Saint of the Day – 16 December – St Adelaide of Italy/Burgundy – Holy Roman Empress, widow, Foundress of monasteries and Apostle of Charity (c 931-999) (c 931 at Burgundy, France – 999 at the monastery of Selta (Seltz), Alsace of natural causes). Patronages – • abuse victims• against in-law problems• brides• empresses• exiles• parenthood• parents of large families• people in exile• princesses
• prisoners• second marriages• step-parents• victims of abuse• widows. Attributes – • empress dispensing alms and food to the poor, often beside a ship• escaping from prison in a boat• holding a church• veil. St Adelaide was a Holy Roman Empress by marriage to Holy Roman Emperor Otto the Great; she was crowned as the Holy Roman Empress with him by Pope John XII in Rome on 2 February 962. She was regent of the Holy Roman Empire as the guardian of her grandson in 991-995.
St Adelaide was possibly the most prominent European woman of the tenth century through her second marriage to Otto the Great of Germany, the Holy Roman Emperor, Adelaide was regent for some time and later became the foundress of many monasteries of monks and nuns.
The daughter of Rudulph II of Upper Burgundy, Adelaide was married at the age of sixteen to Lothair, who was then king of Italy. A daughter, Emma, was born of this marriage. Lothair was probably poisoned by his successor to the throne, Berengar. As part of Berengar’s attempt to keep his grip on power, he ordered Adelaide to marry his son; she refused, and he imprisoned her in a castle. But soon after the German king, Otto the Great, defeated Berengar and freed Adelaide and proposed marriage, which she accepted. On Christmas Day 951 she married Otto at Pavia. The marriage consolidated his authority in northern Italy and in 962 they were crowned emperor and empress by Pope John XII in Rome. Otto died in 973 and for twenty years Adelaide’s life was a turmoil of family and political troubles. Her daughter-in-law, the Byzantine princess Theophano turned her son Otto II against her. Adelaide had to leave the court and live for a time with her brother in Burgundy. A reconciliation was effected and in 983 just before he died Otto appointed her his viceroy in Italy.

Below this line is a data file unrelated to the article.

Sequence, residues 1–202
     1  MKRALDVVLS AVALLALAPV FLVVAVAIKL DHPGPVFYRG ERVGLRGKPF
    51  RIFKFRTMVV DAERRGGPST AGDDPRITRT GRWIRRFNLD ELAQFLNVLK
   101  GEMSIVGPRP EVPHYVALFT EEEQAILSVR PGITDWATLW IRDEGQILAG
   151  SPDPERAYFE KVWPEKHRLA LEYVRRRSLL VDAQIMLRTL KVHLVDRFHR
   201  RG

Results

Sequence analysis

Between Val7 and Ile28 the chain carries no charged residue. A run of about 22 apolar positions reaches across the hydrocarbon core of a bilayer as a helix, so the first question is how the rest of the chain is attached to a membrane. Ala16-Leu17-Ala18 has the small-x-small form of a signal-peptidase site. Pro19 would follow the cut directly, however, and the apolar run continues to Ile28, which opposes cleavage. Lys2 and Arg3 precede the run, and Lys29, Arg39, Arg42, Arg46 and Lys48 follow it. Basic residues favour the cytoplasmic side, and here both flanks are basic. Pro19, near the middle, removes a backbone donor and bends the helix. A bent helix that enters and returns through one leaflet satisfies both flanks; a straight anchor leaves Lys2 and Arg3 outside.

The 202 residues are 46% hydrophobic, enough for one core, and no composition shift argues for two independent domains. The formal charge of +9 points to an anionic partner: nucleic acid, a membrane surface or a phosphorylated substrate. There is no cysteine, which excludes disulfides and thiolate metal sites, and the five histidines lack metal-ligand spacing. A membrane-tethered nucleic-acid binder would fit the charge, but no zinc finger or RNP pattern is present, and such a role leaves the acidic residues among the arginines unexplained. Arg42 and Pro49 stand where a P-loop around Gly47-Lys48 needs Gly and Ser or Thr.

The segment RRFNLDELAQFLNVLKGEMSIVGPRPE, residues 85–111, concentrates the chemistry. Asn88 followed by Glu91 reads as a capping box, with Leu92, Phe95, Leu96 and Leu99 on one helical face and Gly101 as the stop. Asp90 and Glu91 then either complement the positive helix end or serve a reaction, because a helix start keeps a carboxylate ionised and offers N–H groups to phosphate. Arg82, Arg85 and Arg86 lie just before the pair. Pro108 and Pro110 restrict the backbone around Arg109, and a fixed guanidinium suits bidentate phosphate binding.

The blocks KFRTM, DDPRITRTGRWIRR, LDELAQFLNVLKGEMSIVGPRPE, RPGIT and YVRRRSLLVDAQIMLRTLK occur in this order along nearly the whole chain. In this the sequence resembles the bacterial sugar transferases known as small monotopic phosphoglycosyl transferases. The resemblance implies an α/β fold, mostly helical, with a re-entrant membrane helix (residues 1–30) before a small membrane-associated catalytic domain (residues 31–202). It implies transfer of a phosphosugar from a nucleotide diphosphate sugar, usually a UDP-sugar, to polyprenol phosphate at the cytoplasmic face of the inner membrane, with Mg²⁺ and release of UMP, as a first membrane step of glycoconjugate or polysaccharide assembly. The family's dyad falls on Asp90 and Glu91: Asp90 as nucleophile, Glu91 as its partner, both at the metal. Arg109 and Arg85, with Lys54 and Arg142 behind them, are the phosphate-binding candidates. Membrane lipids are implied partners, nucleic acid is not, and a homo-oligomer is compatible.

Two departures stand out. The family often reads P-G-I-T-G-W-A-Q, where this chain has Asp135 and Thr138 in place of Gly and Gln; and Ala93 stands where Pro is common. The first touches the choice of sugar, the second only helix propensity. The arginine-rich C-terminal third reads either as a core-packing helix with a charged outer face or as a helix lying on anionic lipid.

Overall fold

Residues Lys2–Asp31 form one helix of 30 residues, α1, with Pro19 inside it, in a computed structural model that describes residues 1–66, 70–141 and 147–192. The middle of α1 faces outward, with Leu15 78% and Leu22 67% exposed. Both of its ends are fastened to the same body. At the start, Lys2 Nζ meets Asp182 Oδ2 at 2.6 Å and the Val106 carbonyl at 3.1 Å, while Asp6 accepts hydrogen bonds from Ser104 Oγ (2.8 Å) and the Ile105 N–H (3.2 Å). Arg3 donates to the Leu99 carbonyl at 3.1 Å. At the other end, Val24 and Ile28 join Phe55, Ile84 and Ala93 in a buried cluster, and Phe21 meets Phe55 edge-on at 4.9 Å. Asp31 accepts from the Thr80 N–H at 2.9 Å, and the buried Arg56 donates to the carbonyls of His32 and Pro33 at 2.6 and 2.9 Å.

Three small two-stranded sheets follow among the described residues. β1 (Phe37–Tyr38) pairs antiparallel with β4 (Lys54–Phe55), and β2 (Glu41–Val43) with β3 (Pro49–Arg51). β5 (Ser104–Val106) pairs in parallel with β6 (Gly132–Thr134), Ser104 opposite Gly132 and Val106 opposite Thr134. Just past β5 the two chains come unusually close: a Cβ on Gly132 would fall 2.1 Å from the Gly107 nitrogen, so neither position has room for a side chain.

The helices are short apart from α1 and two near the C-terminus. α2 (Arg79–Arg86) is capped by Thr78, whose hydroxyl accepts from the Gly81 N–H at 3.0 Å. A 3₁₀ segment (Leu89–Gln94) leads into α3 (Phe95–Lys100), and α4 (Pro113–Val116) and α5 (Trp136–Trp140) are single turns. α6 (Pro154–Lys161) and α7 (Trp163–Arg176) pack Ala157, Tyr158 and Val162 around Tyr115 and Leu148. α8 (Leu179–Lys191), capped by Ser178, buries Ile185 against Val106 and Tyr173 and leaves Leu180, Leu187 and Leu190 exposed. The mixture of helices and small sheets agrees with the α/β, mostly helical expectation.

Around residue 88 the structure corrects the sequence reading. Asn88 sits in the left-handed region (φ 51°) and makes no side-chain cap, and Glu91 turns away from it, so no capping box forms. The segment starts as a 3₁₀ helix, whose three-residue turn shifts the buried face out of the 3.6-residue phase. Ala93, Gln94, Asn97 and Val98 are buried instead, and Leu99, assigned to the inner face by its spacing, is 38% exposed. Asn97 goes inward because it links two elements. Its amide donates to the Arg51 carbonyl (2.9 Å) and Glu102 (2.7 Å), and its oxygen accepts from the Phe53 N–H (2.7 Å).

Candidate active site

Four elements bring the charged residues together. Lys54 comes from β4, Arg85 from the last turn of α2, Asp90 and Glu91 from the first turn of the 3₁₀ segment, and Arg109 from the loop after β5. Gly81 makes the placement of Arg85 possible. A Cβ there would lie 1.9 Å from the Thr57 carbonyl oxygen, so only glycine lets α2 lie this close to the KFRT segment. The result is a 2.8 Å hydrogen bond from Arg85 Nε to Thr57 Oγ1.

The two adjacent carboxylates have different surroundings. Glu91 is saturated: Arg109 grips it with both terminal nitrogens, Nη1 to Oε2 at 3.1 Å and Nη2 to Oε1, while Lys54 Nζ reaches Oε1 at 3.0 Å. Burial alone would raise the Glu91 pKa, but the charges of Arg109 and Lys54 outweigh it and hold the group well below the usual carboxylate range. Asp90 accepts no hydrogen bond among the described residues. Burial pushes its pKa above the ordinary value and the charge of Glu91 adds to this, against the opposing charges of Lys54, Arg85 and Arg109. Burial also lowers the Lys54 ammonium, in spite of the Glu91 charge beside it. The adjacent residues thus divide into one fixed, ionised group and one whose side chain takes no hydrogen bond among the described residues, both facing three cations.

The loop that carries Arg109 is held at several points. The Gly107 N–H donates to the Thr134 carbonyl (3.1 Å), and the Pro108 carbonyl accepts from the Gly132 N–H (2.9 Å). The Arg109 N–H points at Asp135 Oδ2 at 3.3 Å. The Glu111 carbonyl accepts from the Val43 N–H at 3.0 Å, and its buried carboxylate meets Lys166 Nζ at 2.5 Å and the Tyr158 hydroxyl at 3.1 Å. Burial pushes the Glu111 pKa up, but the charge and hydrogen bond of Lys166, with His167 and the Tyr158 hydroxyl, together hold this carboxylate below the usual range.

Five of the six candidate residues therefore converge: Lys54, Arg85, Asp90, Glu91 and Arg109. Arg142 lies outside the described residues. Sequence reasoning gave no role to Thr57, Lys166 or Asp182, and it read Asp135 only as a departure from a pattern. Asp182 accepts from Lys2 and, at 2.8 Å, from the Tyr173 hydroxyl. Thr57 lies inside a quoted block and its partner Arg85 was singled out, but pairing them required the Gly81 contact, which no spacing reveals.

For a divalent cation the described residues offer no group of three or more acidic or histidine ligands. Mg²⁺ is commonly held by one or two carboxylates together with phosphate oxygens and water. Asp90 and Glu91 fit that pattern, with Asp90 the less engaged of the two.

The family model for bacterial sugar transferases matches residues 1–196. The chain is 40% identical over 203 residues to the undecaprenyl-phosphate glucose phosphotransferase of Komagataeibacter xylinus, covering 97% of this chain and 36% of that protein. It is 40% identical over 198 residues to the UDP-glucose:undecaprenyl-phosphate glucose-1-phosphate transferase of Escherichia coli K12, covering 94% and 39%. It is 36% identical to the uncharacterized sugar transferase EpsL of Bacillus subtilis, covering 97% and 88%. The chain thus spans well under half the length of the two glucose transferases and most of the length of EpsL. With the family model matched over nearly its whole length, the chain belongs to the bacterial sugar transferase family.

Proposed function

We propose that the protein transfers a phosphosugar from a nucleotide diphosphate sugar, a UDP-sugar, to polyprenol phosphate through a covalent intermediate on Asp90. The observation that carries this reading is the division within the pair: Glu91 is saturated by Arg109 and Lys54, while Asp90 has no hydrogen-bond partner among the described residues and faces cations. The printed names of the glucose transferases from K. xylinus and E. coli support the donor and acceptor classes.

Otto II died the same year and the new emperor, her grandson Otto III, still a minor, was entrusted to the joint regency of his mother and grandmother. Theophano was able once again to oust Adelaide from power and the court. When Theophano died in 991 the regency reverted to Adelaide alone. The bishop of Mainz, St. Willigis, came to her aid.
After Otto came of age in 995, Adelaide was able to devote herself to works of generosity to the poor, to help in evangelising the Slavs and in founding and restoring monasteries and convents. She was especially friendly with the monastery of Cluny, then the centre of a movement for reform and with its abbots St Majolus and St Odilo. The latter wrote a memoir of her, calling her ‘a marvel of beauty and goodness’. When Otto III was old enough, Adelaide retired to the convent of Seltz near Cologne, a house she had built. She never became a nun but she spent the rest of her days there in prayer. Her feast is kept especially in many German dioceses.